Emilie Simon

March of the Empress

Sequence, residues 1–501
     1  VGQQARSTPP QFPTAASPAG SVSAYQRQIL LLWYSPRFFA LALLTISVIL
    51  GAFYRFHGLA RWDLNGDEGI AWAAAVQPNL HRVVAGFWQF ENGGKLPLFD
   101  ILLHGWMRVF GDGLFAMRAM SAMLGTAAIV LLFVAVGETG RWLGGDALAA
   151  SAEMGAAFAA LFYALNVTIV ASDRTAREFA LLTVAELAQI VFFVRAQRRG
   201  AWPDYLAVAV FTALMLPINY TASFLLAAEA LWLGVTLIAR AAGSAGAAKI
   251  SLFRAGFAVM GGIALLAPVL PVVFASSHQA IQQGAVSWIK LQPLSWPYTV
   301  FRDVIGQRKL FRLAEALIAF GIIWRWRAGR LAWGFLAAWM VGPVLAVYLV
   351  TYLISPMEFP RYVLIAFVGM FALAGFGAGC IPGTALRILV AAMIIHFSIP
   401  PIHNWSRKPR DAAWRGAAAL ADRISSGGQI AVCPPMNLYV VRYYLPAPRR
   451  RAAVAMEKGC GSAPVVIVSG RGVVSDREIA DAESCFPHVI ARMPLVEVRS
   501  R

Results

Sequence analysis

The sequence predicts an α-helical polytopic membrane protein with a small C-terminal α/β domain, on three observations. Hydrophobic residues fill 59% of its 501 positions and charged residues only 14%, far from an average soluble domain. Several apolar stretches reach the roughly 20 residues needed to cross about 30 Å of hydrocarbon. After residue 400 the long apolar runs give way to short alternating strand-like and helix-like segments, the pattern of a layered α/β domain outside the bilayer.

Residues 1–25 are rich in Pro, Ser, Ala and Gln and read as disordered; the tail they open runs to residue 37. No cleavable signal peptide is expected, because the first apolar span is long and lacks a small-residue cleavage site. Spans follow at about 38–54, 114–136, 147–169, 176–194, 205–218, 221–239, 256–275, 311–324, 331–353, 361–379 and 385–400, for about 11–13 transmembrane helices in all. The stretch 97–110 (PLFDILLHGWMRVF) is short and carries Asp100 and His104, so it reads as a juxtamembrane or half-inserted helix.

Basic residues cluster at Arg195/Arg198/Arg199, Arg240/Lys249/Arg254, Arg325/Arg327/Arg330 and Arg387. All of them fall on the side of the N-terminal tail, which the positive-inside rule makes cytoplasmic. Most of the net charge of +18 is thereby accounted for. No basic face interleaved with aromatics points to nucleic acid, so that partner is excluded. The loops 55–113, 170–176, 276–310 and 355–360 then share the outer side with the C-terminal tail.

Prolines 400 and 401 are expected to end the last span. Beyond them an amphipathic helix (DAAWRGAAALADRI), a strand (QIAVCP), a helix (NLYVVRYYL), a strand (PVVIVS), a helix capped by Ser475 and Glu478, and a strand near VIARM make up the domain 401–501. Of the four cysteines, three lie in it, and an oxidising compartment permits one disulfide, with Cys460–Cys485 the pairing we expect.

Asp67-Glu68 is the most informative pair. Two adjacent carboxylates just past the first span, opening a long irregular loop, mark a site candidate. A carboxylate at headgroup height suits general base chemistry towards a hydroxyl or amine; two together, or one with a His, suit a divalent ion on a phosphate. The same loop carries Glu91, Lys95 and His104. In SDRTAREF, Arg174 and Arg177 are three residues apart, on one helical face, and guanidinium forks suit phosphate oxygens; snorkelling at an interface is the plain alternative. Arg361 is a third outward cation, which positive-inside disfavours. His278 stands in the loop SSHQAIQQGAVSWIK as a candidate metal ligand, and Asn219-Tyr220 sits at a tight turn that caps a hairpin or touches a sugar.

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When documentary producer Luc Jacquet contacted Emilie Simon about contributing music to his award-winning 2005 documentary March of the Penguins, he might have felt a little uneasy -- somewhere in the conversation, he would have to let on that he found her sound well-suited to themes of ice and snow. If he did hesitate before making the call, though, he needn't have: Simon was already working on new songs that would conjure images of ice when she first met the director in 2003. Though The Flower Book, Simon's acclaimed 2006 U.S. debut, established her as a rising electro-pop star and, more specifically, one with a penchant for merging concepts from the natural world with beats rooted firmly in technology, it didn't let on that the Parisian artist was so skilled at dreaming up frost-covered soundscapes. In the 15 songs on March of the Empress, Simon evokes both the beauty and bitterness of winter: "Song of the Sea" captures the fun of slush, "Mother's Pain" recalls the hushed energy that attends a coming blizzard, and "Antarctic" finds hope in the stillness of a world frozen over by polar cold; other standouts include the tense "The Sea Leopard" and the menacing but moving "The Attack of the Killer Birds." Though the soundtrack (which did not make it onto the U.S. and U.K. film versions of March of the Penguins) was originally intended to be strictly instrumental, Simon's Kate Bush-reminiscent voice surfaces on five English tracks. They all reinforce a sense that whether the scenery that surrounds her is pastoral or frozen solid, she infiltrates it fully, until she is able to echo it down to the last thunderclap or whistling wind.

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